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Kasper Holten stages Wagner’s Lohengrin as a timeless political power play: Putin arm-wrestling, Putin excavating an ancient vase, Putin as fire-fighting pilot. And, of course, the image of him with a Siberian tiger!

Putin diving, climbing, behind the wheel of a racing car and attempting to crush a frying pan. We are not privy to whether he succeeded with the frying pan, and it is irrelevant anyway, because the pose is what is important, the presentation of Putin as hero. And the message is clear: if you want a radiant winner as your head of state, do not ask where he came from or how he came to power; he is on a mission to rescue the nation.

A number of politicians who were captured on camera beaming confidently into the lens have been removed from their posts. Why? Because we were inquiring about his past and lifting the lid on unpleasant truths. “If you recognise him, he will have to withdraw from view”.

If we think of Lohengrin as the type of politician who is adept at harnessing the media, someone who surrounds himself with glorious images and grandiose myths to create a legend of himself as messianic figure, it is not hard to see him as a smoke-and-mirrors merchant, spying an opportunity to set up a new state, a new system, a new ideology in a region of disordered, dislocated German territories. Wagner’s words and music are packed with references that allow interpretations of this kind. One instance would be the ban on asking questions. Charged with the murder of her brother, Gottfried, Elsa’s life is in danger. Lohengrin offers himself as her champion, but there are conditions: before he agrees to defend her, he offers her a quid pro quo: she will marry him and never ask him who he is. Unsurprisingly, she agrees; what other action is open to her? A real cavalier would have inverted the sequence of events.

And there is another occasion when Lohengrin betrays himself as an unfair partner for Elsa – when he placates her in her fear that he will leave her, saying that everything will be fine so long as she keeps her part of the bargain. Shortly afterwards he reveals that he was planning to leave after one year and return to his homeland. He was not interested in the woman but in the position that he could secure through her. Politics underpinned his actions; Elsa was the stage on which he would stamp and gesticulate. He was conducting an election campaign in Brabant, pure and simple.

Granted, Lohengrin’s political acumen, or Machiavellianism, hardly makes him the kind of devious plotter that we find in an Iago; that role goes to Ortrud, whose aim in thwarting the youthful pretender is to shore up the old order, with her husband Telramund as head of state. But seeing the Swan Knight as a consummate politician, idolised in spite of his manifest tricks, just goes to show that manipulation to political ends is often taken to be a necessary part of statecraft. A nervous, easily-led citizenry may even place far more value on overtly hypocritical parades of resilience, vitality and strength than on integrity, virtue and utopian do-goodism.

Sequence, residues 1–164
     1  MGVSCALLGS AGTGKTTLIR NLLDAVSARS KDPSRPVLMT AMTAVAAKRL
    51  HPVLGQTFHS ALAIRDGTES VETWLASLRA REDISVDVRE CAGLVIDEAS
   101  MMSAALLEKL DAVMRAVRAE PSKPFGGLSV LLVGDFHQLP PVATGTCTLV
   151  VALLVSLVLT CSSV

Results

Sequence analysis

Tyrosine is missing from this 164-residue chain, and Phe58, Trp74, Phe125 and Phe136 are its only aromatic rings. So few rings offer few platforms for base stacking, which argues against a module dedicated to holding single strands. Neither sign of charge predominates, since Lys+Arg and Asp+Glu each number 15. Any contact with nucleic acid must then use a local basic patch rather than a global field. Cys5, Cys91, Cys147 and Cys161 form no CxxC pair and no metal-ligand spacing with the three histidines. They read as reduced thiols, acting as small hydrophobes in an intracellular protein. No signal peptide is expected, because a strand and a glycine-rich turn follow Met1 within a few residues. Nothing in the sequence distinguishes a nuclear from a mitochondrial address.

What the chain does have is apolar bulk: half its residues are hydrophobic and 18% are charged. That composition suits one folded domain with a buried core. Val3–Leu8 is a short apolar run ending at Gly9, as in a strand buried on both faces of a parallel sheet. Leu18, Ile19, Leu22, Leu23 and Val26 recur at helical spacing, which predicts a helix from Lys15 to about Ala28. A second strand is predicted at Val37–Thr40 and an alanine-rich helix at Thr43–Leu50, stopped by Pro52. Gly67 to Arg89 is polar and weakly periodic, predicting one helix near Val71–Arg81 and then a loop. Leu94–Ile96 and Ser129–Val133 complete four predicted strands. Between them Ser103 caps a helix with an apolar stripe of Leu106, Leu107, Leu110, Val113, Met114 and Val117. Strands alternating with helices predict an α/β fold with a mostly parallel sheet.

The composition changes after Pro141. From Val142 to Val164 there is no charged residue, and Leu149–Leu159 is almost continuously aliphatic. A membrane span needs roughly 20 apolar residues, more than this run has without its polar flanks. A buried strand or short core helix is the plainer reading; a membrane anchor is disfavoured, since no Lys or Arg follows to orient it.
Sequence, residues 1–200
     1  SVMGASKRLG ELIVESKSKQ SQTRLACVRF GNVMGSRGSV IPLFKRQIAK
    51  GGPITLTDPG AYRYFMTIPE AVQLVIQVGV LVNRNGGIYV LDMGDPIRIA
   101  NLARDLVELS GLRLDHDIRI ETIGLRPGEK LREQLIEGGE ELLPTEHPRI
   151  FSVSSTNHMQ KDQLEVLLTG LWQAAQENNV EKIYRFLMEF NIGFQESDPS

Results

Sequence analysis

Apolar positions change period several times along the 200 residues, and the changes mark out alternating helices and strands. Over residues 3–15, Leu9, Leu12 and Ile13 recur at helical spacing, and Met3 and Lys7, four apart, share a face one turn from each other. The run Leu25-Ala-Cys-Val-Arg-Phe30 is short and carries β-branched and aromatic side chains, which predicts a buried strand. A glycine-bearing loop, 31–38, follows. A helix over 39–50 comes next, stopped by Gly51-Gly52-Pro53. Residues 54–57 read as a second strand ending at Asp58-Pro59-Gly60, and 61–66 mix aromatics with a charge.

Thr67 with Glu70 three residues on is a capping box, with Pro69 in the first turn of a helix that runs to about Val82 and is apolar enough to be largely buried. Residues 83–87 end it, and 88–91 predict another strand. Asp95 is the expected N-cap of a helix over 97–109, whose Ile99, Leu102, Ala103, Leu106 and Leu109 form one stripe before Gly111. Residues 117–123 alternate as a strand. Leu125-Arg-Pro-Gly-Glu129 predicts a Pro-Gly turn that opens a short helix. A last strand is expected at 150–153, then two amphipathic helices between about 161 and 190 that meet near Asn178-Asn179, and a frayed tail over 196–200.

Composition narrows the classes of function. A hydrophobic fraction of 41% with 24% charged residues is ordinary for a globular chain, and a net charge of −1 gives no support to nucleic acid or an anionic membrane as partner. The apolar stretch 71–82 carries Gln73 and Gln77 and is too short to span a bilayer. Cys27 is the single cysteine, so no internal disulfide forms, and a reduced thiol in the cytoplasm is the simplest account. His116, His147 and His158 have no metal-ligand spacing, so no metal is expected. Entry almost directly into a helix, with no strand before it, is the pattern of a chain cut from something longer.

We might be tempted to consider Lohengrin, the media hero, attractive and to deem the tussle for power a sporting one, were it not for a looming war and a gathering call to arms. In the face of the bloodthirstiness running through Wagner’s work, and given the fact that whoever prevails in the showdown will lead thousands of men off to war, making widows of their wives, and considering the phoney insistence that war is an honourable undertaking and a worthy adventure for young men, any gesture that seeks to make light of such well disseminated propaganda instantly loses any semblance of authority.

In a society where war is declared and men are called to fight on the basis of mottos such as “Death or glory” and “Those not for us are against us”, the mettle of principles of political reason and discernment is being tested, whether the establishment in question is a democracy or an authoritarian state claiming to be acting in the interests of its citizens.

Elsa has grasped all this. She has seen through Lohengrin and asks penetrating questions, revealing his egoistic drive for power, even though the disappearance of Gottfried has left no successor to the Duke of Brabant and she sees no alternative for her country. If the unmasked hero wishes to remain in power, he will have to get serious and show himself to be the self-appointed people’s protector or, in other scenarios, an “unimpeachable democrat”, because from now on people are watching him. He will have to assert himself without the myth as a shield, will have to renounce the charisma of someone purporting to be guided by a higher power. Then we will look at what remains.

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Additional information
Romantic opera in three actsFirst performed on 28th August, 1850 at WeimarPremiered at the Deutsche Oper Berlin on 15th April 2012

recommended from 15 years on

Introduction (in German language): 45 minutes before beginning; Rang-Foyer
Participating artists
Dirk Kaftan (Musikalische Leitung)
Kasper Holten (Inszenierung)
Steffen Aarfing (Bühne, Kostüme)
Jesper Kongshaug (Licht)
Jeremy Bines (Chöre)
Albert Pesendorfer (Heinrich der Vogler)
Attilio Glaser (Lohengrin)
Flurina Stucki (Elsa von Brabant)
Thomas Johannes Mayer (Friedrich von Telramund)
Anna Smirnova (Ortrud)
Thomas Lehman (Der Heerrufer des Königs)
Patrick Cook (1. Brabantischer Edler)
Kieran Carrel (2. Brabantischer Edler)
Kyle Miller (3. Brabantischer Edler)
Dean Murphy (4. Brabantischer Edler)
Stephanie Lloyd (1. Edelknabe)
Angelika Nolte (2. Edelknabe)
Kristina Griep (3. Edelknabe)
Saskia Klumpp (4. Edelknabe)
Chor der Deutschen Oper Berlin (Chöre)
Orchester der Deutschen Oper Berlin (Orchester)
October 2023